The bad

I started by opening the affected page in multiple browsers (Internet Explorer, Safari, Chrome, Opera & Firefox) on multiple computers (Mac, Linux & Windows) and getting some initial comparisons. There were 3 different variations and (oddly enough) the same browser didn’t necessarily render the same on a different operating system. So there I was. A puzzle… and I like puzzles.

Some of the first things that I inspected were font sizes and families. It occurred to me that different operating systems may differ in fonts, so it seemed like a good starting point. I tested this by forcing a common font: Arial. That wasn’t the problem. The inconsistencies remained consistent.

I also checked into the possibility that the <UL> or <A> elements were applying different heights. Typically anchor elements, <A>, use a display style of inline. If you’re implementing a menu similar to mine then you’re likely applying a block style, which permits better dimension definition of the element. Forcing height on these elements also did not resolve the issue.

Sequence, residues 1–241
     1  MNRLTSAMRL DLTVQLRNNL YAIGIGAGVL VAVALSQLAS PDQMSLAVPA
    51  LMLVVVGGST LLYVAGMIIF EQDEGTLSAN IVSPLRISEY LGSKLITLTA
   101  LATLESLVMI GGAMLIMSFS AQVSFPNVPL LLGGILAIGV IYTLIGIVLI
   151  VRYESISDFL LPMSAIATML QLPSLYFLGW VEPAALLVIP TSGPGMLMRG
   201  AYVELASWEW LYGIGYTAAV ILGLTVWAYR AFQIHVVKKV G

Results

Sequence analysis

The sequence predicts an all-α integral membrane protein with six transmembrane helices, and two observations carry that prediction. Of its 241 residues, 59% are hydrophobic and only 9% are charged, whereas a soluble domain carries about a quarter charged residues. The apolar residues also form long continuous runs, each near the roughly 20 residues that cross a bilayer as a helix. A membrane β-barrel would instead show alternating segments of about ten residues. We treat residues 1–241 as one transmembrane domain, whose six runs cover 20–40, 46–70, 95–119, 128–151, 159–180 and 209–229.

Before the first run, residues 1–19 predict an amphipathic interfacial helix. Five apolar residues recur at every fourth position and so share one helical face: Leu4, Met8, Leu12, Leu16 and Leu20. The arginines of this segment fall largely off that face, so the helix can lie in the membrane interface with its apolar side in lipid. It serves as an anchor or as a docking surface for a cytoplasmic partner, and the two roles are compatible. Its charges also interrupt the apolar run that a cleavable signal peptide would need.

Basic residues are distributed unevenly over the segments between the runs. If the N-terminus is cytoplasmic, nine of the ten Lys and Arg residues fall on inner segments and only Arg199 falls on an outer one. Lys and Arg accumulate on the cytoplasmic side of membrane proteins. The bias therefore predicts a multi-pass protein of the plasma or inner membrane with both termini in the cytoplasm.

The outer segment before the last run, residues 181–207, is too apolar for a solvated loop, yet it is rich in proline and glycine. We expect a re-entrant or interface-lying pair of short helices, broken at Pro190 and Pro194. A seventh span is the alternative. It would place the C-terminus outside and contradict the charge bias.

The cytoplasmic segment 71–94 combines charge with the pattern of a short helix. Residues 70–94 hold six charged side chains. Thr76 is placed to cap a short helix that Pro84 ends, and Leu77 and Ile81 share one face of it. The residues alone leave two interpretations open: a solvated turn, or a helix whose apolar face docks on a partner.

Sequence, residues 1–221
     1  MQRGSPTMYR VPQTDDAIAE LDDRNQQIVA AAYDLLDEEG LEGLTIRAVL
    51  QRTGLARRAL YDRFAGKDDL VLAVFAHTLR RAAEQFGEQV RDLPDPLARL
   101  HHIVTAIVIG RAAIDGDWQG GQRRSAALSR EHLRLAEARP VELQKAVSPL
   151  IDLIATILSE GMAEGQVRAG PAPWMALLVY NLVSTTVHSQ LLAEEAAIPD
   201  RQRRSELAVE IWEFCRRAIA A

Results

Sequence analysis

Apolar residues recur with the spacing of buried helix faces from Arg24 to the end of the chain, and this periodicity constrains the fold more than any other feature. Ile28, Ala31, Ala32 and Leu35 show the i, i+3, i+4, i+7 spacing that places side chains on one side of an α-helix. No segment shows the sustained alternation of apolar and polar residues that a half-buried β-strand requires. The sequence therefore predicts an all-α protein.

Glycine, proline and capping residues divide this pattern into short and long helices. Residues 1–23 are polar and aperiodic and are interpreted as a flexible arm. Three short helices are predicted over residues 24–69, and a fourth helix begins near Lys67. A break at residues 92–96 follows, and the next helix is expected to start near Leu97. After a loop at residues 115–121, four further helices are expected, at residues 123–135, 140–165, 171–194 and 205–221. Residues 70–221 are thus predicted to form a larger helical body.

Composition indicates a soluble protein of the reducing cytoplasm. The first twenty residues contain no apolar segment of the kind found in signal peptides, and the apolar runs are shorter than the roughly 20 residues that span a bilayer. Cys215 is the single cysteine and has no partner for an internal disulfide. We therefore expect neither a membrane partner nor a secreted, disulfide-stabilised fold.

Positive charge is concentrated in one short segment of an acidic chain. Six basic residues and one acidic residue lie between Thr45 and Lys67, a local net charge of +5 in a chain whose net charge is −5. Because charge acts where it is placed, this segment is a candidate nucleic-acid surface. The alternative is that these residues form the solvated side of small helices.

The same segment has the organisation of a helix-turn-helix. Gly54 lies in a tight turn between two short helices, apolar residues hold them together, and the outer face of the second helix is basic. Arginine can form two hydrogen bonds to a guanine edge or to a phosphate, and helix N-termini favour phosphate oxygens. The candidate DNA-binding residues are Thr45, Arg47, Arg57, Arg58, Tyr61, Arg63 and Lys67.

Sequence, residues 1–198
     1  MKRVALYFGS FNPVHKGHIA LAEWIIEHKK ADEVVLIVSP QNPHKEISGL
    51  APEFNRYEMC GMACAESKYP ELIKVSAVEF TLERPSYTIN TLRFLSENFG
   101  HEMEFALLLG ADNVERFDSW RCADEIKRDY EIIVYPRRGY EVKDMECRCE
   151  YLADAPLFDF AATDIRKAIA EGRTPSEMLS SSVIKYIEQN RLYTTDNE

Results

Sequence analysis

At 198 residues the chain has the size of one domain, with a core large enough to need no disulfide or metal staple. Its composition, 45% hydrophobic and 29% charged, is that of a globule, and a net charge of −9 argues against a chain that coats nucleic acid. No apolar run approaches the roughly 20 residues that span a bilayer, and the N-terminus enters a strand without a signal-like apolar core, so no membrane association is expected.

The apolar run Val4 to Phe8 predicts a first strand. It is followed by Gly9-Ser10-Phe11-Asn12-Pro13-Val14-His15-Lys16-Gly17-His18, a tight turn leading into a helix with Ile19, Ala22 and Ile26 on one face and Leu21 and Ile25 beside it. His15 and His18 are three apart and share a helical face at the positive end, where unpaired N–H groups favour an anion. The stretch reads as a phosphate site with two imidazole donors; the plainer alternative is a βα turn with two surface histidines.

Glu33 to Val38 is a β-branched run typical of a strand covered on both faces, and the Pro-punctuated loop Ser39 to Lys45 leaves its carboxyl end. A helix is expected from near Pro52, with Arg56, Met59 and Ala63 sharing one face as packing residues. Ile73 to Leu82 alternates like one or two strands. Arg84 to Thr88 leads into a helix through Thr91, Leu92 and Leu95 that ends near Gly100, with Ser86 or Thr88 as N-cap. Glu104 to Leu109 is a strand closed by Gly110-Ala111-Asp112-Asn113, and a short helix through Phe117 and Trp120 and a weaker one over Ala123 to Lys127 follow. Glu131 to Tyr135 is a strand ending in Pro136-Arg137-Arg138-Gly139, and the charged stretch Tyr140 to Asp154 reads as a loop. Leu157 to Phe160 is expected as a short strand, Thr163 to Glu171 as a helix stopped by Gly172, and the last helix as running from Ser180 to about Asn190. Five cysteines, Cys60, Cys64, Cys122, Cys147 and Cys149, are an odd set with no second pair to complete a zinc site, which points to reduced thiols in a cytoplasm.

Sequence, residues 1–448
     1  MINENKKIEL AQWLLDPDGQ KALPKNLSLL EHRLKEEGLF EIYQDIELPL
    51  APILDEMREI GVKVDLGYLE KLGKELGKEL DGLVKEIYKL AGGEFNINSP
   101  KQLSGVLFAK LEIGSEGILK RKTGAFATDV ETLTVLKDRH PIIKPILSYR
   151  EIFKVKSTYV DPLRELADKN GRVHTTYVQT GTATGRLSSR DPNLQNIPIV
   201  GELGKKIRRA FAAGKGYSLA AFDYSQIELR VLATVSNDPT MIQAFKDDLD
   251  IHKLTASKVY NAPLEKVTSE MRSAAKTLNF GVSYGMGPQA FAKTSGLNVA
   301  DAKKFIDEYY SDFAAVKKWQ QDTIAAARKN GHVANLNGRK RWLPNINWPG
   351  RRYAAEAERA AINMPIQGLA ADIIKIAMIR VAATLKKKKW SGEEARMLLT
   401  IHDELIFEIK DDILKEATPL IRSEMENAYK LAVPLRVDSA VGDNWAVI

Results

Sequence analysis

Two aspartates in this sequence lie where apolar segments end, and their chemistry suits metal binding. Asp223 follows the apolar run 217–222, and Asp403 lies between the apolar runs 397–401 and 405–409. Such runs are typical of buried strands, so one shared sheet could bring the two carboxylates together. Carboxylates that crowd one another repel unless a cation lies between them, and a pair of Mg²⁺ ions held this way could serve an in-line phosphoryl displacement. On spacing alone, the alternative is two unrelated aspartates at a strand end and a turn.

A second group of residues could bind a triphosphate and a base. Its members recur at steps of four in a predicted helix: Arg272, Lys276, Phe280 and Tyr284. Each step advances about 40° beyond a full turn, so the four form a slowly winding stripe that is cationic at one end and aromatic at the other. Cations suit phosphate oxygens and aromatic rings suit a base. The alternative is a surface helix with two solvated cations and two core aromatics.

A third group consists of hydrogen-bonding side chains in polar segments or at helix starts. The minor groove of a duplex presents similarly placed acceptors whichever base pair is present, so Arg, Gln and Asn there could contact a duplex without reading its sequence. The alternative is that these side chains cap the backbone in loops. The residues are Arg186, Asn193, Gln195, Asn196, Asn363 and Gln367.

I was running out of ideas, but then it hit me. Line-Height. While the other styles appeared to be consistent between browsers and operating systems, there was one style that I’d previously worked with and knew was certainly NOT consistent: line-height.

The good

After forcing a consistent line-height in my CSS, all browsers suddenly began respecting my intended styling. Sigh of relief.